Diabetes And Your Eyes


Diabetes affects your eyes in subtle ways. You may not realize that you have a problem until you suddenly develop severe eyesight issues. Frequent diabetic eye exams by your vision center are needed to stay ahead of this damaging disease. Here is what you need to know about how diabetes affects your eyes and how to keep it from stealing your vision.

Damage to Blood Vessels is the Problem

Diabetes causes the blood vessels in your eyes to become weak. Normal blood vessels are flexible and expand and contract as the blood pulses through them. Some of these weakened blood vessels become rigid and contract, which causes a rise in the blood pressure in your eye. Other blood vessels expand with the blood in them and allow the blood to pool instead of moving through. Both of these weakened blood vessels contribute to your eyesight issues.

Diabetic Retinopathy

The damage to your eyes shows up in one of two ways. Called diabetic retinopathy, the damage can quickly cause you to lose all or part of your vision.

  • Nonproliferative retinopathy - In this version of the disease, the weak blood vessels allow fluid to leak out onto the surface of the retina. As the fluid builds up on the retina, it blocks the amount of light that hits this portion of your eye. At first, your vision becomes blurry. As the disease progresses, you'll develop dark patches in your eyesight.  The disease can progress until most of your visual field is obscured by the leaking fluid.
  • Proliferative retinopathy - New blood vessels begin to grow over the retina that are smaller and weaker than healthy vessels. These blood vessels create scar tissue, which becomes tight on the surface of the retina. When enough scar tissue has developed, it can slowly pull the retina away from the back of your eye. This stops the retina from sending signals to your brain, resulting in blindness.

Gradual Symptoms Sneak Up on You

You may begin to have subtle problems with your eyesight that get worse unless you see your eye doctor for treatment. Some of the common symptoms of diabetic retinopathy include:

  • inability to focus on objects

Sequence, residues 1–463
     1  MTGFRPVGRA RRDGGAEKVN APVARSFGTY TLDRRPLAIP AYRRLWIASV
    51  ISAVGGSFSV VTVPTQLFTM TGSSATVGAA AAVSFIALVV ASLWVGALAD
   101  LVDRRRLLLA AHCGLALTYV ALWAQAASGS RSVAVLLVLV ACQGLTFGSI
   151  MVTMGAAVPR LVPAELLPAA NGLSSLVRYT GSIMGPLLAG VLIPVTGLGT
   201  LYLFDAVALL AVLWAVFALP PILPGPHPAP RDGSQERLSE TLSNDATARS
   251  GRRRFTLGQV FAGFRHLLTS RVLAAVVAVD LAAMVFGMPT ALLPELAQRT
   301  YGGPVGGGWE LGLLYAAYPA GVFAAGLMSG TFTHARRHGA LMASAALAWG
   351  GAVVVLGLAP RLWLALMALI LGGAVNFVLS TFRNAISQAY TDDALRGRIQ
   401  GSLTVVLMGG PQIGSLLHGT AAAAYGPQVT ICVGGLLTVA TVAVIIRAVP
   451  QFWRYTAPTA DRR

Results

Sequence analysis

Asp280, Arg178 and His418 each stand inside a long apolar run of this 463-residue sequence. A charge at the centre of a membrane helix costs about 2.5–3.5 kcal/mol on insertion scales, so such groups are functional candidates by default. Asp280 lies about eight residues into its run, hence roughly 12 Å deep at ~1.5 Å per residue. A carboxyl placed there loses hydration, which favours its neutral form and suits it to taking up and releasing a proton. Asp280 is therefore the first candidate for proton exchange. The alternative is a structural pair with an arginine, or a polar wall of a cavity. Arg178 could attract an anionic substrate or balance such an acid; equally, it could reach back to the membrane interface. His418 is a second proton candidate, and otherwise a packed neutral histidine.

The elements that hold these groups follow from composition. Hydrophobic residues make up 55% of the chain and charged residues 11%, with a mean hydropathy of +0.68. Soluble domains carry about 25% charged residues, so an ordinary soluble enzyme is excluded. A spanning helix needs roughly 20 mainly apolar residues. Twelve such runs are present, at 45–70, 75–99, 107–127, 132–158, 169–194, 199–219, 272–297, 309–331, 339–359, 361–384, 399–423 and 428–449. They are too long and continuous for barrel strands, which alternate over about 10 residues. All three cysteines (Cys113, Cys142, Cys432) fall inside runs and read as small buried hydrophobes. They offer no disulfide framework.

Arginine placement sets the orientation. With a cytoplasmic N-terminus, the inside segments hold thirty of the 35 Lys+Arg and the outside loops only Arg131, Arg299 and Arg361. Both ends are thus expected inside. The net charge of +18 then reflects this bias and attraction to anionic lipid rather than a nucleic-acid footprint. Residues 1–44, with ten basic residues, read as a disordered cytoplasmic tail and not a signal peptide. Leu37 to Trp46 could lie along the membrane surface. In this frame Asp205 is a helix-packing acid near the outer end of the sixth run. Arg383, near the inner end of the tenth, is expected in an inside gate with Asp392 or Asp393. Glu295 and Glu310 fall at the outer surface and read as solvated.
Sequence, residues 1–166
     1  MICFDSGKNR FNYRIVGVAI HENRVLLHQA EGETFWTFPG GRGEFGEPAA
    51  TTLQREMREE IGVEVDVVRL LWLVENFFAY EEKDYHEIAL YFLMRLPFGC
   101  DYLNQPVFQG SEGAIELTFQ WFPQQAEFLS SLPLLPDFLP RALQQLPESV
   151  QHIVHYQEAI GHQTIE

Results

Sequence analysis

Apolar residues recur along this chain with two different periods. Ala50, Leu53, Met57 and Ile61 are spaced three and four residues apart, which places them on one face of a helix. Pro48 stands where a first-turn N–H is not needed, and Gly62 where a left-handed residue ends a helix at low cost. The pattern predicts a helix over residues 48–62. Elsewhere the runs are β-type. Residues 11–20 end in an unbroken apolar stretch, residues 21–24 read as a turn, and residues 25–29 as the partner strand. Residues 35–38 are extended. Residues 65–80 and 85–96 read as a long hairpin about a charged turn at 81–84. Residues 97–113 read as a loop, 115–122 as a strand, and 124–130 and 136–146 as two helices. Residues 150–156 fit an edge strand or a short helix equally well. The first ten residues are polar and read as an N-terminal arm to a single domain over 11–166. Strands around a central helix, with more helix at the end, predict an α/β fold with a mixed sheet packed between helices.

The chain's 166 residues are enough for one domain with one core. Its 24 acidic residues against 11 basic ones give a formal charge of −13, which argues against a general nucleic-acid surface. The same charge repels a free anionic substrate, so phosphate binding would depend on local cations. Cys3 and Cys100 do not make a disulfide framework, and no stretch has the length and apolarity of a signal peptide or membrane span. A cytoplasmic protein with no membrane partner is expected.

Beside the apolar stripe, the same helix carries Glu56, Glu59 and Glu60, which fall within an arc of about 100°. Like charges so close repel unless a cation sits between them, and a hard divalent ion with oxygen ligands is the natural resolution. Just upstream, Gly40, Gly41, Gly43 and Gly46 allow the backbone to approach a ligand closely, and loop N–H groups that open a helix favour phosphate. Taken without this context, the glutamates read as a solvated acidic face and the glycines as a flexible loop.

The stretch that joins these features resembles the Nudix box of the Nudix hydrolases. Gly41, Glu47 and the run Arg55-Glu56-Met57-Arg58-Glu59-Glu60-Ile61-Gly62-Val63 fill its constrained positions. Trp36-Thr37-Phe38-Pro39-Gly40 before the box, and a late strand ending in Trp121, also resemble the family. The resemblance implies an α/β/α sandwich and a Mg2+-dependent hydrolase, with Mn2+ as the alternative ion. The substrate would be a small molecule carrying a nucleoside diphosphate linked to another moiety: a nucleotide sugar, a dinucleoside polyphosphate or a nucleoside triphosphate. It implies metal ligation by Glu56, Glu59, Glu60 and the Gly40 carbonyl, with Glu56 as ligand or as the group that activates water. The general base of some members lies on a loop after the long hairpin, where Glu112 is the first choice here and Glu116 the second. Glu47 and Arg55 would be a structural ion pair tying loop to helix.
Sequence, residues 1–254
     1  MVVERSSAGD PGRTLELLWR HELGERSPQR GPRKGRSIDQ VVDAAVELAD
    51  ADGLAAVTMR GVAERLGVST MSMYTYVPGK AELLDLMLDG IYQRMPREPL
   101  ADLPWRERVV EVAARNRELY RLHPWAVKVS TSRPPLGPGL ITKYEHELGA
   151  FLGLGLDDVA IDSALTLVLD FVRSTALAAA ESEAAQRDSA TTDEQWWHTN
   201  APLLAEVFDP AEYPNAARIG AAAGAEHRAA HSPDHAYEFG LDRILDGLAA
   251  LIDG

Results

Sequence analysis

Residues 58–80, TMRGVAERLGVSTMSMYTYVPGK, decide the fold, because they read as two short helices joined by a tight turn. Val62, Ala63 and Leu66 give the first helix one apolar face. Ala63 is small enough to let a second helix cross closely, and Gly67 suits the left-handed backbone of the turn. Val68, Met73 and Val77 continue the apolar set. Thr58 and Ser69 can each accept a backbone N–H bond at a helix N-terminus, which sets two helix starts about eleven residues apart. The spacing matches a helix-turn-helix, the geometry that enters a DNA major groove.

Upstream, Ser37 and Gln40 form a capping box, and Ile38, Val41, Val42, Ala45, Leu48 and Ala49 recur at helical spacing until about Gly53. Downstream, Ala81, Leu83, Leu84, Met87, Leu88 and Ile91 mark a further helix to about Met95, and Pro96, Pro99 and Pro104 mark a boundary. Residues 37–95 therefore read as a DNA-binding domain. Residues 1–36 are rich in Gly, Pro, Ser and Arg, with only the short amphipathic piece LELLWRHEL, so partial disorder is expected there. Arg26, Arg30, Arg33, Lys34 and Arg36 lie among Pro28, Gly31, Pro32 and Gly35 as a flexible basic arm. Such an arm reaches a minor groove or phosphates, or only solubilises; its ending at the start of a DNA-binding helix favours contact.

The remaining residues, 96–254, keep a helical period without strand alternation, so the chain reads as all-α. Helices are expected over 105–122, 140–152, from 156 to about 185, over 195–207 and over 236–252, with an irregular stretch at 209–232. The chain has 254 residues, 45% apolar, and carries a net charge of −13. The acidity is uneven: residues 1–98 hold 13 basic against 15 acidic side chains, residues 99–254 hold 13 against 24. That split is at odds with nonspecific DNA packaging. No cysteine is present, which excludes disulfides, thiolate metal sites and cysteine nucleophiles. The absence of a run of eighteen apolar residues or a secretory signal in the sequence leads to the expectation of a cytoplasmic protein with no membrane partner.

• tiny gray patches in your vision
  • floaters that move across your vision
  • feeling of pressure in your eyes
  • easily tiring eyes

Treatment Options

This eye condition cannot be cured, but the loss of vision can be slowed down or stopped. The sooner treatment is started, the more effective the treatment will be at preventing vision loss. Some of the treatments available to you include:

  • Laser surgery - This is used to dry up the leaked fluid on the surface of the retina.
  • Pressure release - A portion of the gel within your eyeball is removed to reduce the pressure in your eyes.
  • Control of blood vessels - Medications can be used to limit the growth of the new, weaker blood vessels in your eye.

While these treatments can help prevent future vision loss, they cannot restore vision that has already been damaged. Regular diabetic eye exams at a vision center like Charles Richards A OD will help to catch any eye damage before you experience any symptoms.


11 November 2015

A New You

Growing up, one of my best friends was also my cousin. This special cousin and I shared something in common. We both had fiery red hair. When we were kids, many people thought we were sisters when they saw us together. Sadly, my cousin was born with crossed eyes, and because of her condition, she was often ridiculed by the other kids at school. As we grew older we began researching modern ways to correct her problem. Together we found the perfect solution. If you were born with crossed eyes, don’t despair. You do have hope. On this blog, you will discover the latest treatments optometrists use to help cure a patient’s crossed eyes.